I do think you need to rein in (er, so to speak) the riding thing. I know of someone who had a horse that they rode in what they thought was dressage (crank and yank, and sitting too far back on the horse) end up with an unhappy horse who needed a lot of layup time and may never be as sound as the horse used to be. The horse may not be in pain right now but obviously something the rider is doing is wrong or it wouldn't be reacting so strongly to her. And a new bit will definitely not fix that.
    The Trials and Jubilations of a Twenty-Something Re-rider
    Happy owner of Kieran the mostly-white-very-large-not-pony.



  4. #4
    Join Date
    Jan. 17, 2008
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    Dutchess County, New York
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    Default

    I find some people have a hard time saying "no". As long as I am clear about what I want, I have no problems (can you tell??!) saying no.

    The OP is crystal clear in what she wants. Therefore, all she has to do is say it.

    I assume the free lease, which hasn't been going on for that long, is not going to continue indefinitely.

    Also, I did not address the blanket etc issue -- which is to say -- it is not the OP's problem. If you have been clear about it, and it sounds like you have, don't let her make her problems yours -- they are not. So, she has an extra blanket and halter, not your problem.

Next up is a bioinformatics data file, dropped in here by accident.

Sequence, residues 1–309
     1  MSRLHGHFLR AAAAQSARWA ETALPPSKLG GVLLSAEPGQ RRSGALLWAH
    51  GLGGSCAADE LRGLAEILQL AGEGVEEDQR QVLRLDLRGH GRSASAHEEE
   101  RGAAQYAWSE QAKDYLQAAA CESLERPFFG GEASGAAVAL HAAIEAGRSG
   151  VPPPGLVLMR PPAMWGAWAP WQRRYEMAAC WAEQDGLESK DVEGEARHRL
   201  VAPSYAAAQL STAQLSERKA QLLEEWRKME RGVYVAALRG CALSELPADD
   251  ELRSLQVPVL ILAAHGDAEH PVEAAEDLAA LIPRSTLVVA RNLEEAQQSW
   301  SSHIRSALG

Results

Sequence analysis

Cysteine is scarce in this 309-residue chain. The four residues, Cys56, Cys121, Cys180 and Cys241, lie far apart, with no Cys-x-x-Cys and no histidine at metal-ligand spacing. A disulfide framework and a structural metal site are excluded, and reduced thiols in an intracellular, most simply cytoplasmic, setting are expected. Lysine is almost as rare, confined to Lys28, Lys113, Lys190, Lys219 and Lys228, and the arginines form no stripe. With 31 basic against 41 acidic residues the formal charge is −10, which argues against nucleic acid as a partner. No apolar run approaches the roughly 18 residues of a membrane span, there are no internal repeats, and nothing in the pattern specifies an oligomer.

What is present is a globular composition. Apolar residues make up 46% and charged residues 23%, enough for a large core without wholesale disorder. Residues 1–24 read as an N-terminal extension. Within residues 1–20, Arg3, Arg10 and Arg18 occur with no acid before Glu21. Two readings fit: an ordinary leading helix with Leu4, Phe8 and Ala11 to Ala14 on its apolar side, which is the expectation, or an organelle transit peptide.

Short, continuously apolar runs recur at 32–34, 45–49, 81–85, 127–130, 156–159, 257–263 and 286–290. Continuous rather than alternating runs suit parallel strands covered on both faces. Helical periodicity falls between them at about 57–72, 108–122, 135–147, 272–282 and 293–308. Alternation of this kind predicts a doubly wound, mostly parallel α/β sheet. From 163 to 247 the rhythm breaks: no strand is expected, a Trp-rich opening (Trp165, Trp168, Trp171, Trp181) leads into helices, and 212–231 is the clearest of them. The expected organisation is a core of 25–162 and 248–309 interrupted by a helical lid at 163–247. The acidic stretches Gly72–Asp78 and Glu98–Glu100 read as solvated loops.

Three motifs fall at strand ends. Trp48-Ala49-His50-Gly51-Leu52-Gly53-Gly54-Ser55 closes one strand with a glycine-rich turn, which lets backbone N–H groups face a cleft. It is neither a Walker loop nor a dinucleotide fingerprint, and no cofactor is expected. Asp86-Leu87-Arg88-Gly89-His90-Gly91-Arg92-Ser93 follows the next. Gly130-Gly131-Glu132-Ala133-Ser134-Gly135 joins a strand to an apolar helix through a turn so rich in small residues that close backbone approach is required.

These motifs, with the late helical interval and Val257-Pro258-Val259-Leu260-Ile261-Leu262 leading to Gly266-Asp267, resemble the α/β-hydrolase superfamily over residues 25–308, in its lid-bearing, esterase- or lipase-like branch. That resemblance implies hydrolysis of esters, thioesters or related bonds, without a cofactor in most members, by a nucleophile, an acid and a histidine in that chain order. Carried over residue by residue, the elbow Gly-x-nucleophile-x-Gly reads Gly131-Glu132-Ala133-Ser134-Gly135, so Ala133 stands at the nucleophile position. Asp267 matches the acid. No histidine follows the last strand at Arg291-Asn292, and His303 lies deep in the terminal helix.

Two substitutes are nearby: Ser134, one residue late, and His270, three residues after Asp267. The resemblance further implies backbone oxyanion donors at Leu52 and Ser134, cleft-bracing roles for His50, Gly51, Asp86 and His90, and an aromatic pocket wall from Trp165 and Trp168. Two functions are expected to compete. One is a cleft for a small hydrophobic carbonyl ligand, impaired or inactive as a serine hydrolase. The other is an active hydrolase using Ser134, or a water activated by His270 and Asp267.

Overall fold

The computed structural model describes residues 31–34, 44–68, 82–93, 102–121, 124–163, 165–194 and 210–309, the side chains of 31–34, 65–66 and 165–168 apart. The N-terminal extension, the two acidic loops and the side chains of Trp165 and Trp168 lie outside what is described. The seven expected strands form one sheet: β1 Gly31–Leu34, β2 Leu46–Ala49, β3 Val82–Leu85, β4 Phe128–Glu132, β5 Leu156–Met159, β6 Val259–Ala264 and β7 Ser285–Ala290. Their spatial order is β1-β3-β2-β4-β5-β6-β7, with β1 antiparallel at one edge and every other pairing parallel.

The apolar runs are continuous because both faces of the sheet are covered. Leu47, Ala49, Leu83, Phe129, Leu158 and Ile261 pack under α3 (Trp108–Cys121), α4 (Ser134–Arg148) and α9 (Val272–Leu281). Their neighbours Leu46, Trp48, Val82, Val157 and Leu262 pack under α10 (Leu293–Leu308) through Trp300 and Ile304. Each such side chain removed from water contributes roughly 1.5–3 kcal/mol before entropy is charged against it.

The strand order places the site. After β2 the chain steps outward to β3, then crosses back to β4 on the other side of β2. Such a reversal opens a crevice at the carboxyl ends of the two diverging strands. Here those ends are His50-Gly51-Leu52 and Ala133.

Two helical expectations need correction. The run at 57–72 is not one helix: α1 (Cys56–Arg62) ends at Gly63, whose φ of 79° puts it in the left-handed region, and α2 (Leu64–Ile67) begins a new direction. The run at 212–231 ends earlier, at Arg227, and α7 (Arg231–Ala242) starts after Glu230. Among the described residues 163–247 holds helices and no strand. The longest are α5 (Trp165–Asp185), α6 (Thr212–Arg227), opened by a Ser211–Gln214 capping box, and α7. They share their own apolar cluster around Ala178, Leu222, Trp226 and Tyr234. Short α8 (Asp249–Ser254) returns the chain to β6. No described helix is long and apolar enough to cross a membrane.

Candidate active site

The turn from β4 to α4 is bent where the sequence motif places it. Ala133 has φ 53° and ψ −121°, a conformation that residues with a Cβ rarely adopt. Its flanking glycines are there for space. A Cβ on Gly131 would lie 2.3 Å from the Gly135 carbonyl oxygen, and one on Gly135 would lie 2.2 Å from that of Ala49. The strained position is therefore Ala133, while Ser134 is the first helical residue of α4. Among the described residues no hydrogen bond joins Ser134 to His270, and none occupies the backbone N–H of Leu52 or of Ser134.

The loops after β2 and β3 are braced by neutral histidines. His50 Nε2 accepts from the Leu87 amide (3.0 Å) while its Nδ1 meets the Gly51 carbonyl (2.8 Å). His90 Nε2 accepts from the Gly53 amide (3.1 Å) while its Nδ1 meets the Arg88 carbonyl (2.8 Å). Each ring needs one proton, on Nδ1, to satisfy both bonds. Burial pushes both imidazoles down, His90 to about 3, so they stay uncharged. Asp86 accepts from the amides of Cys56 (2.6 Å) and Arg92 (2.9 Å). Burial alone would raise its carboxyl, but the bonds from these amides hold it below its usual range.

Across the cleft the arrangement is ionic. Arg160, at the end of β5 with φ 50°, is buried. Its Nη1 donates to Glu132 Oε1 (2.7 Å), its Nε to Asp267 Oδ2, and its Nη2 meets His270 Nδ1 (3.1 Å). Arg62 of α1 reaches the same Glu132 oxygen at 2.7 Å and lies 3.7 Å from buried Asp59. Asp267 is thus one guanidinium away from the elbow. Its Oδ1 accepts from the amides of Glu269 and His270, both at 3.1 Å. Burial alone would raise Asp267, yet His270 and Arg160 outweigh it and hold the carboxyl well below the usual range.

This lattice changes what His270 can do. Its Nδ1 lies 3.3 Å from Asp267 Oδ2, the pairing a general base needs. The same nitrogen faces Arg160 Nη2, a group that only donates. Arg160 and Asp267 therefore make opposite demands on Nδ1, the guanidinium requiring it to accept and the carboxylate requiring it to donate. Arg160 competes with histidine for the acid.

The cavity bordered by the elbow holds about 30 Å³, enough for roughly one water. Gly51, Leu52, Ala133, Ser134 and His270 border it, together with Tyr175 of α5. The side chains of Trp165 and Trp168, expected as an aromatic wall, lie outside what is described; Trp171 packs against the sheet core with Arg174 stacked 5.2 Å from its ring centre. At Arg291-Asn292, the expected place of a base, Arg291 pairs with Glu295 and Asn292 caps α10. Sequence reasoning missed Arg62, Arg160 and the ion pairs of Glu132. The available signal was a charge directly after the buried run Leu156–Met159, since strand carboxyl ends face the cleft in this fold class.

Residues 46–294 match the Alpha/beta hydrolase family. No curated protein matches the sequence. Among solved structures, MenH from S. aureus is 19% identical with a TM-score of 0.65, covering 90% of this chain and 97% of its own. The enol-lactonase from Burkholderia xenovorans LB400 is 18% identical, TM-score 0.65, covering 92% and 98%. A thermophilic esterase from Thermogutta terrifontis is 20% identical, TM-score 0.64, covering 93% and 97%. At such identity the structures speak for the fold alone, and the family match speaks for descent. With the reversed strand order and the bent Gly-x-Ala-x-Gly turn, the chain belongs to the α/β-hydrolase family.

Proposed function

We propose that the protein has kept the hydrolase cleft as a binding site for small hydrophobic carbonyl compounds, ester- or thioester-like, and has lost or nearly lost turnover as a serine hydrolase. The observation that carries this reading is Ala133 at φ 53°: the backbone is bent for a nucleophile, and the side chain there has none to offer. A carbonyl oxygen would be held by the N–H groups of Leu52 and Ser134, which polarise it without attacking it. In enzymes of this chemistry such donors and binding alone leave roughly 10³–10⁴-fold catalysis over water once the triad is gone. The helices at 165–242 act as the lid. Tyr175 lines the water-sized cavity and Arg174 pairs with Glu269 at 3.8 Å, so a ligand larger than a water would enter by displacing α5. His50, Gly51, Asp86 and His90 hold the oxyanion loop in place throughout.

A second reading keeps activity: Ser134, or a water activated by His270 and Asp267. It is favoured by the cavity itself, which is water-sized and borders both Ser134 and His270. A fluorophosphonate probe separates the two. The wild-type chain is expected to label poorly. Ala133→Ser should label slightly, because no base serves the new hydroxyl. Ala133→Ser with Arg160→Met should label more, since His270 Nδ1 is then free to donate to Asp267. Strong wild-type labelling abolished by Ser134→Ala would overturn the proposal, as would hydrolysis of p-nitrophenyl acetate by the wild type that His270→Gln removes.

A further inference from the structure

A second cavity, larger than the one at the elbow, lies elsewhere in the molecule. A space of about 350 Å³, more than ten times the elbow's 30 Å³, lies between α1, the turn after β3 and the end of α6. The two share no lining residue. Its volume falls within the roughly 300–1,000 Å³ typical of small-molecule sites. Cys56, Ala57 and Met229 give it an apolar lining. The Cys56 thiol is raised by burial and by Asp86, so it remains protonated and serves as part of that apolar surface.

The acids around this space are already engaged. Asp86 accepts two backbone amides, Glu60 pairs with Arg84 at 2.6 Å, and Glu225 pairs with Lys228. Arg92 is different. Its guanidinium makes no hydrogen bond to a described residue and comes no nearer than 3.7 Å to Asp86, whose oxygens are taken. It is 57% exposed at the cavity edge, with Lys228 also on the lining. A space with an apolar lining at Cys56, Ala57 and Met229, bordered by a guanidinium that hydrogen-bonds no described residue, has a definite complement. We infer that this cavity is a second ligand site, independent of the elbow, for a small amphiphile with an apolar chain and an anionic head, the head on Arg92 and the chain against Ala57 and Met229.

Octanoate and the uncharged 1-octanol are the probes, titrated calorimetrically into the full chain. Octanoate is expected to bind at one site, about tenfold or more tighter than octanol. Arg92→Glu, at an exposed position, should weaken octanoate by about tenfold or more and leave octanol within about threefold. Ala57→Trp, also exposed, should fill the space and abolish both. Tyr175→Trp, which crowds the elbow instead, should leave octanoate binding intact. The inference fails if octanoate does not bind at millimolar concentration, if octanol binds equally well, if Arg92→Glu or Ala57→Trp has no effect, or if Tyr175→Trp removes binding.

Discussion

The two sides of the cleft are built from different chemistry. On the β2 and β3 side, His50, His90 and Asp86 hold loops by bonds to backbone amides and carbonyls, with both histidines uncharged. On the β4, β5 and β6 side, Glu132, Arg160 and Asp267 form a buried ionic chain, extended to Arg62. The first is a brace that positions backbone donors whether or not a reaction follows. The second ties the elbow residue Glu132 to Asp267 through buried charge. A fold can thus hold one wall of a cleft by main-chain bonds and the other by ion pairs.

5. #5

    Default

    Sorry, I wasn't disagreeing with you, SMF11. If the OP doesn't want to sell to this person, they shouldn't feel obligated to (nor do they have to explain themselves, though if they want they could say they don't want to mix friendship and business...which would be true and doesn't imply judgment of the friend or the friend's horsemanship).

    I was just saying that telling the person, "I don't think you're a good fit" to sell to is directly contradicted by the OP thinking she was a good enough fit to lease to (even if she doesn't think that now). Mostly I think she should end the free lease and sell the horse. To someone else.
    The Trials and Jubilations of a Twenty-Something Re-rider
    Happy owner of Kieran the mostly-white-very-large-not-pony.



  6. #6
    Join Date
    Jan. 7, 2001
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    Usually too far from the barn
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    9,074

    Default

    It sounds like your friend is trying to fit your "round peg" horse into a "square hole." It doesn't seem like she wants to be ridden on contact or like a dressage horse. Not every western/ranch broke horse will make a basic pleasure mount in English tack, much less a dressage mount.

    As pointed out, your big issue isn't so much that she wants to buy her, but what she may be doing to her in the meanwhile, just free leasing.